To summarize:
With aviSynth:
Lav Decoder outputs YV12 ->ffdShow running aviSynth in YV12 -> madVR rendering YV12

Without aviSynth:
LAV Decoder outputs NV12 -> ffdshow optional (no change bc not using the aviSynth filter module) -> madVR rendering NV12

Is this correct, or are my tweaks/assumptions incorrect?

Any advice wouild be greatly appreciated! ...thanks in advance!
MikeY
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Old 15th May 2012, 12:27   #6  |  Link
nevcairiel
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NV12 and YV12 are the same colorspace, its just different memory layout. There is absolutely zero loss of information when you convert between them. If done right (say with some SSE2), its also plenty fast.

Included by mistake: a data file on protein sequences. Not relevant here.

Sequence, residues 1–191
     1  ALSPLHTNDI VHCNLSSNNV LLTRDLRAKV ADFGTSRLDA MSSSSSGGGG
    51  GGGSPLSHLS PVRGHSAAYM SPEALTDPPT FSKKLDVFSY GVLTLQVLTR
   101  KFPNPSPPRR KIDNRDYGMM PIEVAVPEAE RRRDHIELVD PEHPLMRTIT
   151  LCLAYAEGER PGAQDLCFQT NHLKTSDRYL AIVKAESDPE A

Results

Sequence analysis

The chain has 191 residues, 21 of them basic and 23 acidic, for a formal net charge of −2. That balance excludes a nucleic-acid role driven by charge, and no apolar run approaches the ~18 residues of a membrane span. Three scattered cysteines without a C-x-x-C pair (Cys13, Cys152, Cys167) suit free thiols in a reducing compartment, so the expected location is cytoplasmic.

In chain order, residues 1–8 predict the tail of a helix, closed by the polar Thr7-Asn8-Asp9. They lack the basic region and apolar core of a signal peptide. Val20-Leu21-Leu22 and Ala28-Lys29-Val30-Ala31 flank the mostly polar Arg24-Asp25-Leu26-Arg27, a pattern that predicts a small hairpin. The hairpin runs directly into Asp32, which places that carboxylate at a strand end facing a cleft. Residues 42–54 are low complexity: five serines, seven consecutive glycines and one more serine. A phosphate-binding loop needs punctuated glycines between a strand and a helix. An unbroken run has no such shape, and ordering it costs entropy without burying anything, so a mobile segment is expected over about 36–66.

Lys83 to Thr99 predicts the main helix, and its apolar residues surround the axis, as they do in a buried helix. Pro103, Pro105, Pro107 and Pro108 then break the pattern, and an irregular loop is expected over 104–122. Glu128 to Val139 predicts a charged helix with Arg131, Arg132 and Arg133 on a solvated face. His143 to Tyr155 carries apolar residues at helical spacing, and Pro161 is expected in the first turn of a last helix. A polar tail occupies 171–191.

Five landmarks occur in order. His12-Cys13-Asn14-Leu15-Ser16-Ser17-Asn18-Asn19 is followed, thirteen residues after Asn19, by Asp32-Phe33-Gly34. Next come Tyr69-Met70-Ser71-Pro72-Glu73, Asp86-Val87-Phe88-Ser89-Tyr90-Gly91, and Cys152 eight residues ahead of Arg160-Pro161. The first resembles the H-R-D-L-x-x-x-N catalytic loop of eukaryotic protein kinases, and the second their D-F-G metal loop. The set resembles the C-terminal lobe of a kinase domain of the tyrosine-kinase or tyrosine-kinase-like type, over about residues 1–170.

Hardware decoders output NV12, Software decoders typically YV12. Hardware deinterlacing requires NV12 on most cards.

All of the components in your setup above should be capable to convert between YV12 and NV12 with the proper speed and without losing information.
I don't know how ffdshow works, maybe you can just let LAV always output NV12 and if avisynth is on, ffdshow converts it to YV12 for you?
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Old 16th May 2012, 01:45   #7  |  Link
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Avisynth accepts both YV12 and I420 interchangeably. Internally the U and V data pointers are simply swapped to accommodate the chroma data order difference.

:edit: Wrong! "NV12 is Nvidia's proprietary name for Intel's I420 format. Apart from the name they are the same."

Last edited by IanB; 17th May 2012 at 01:03. Reason: Retract delusional statement
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Old 16th May 2012, 02:17   #8  |  Link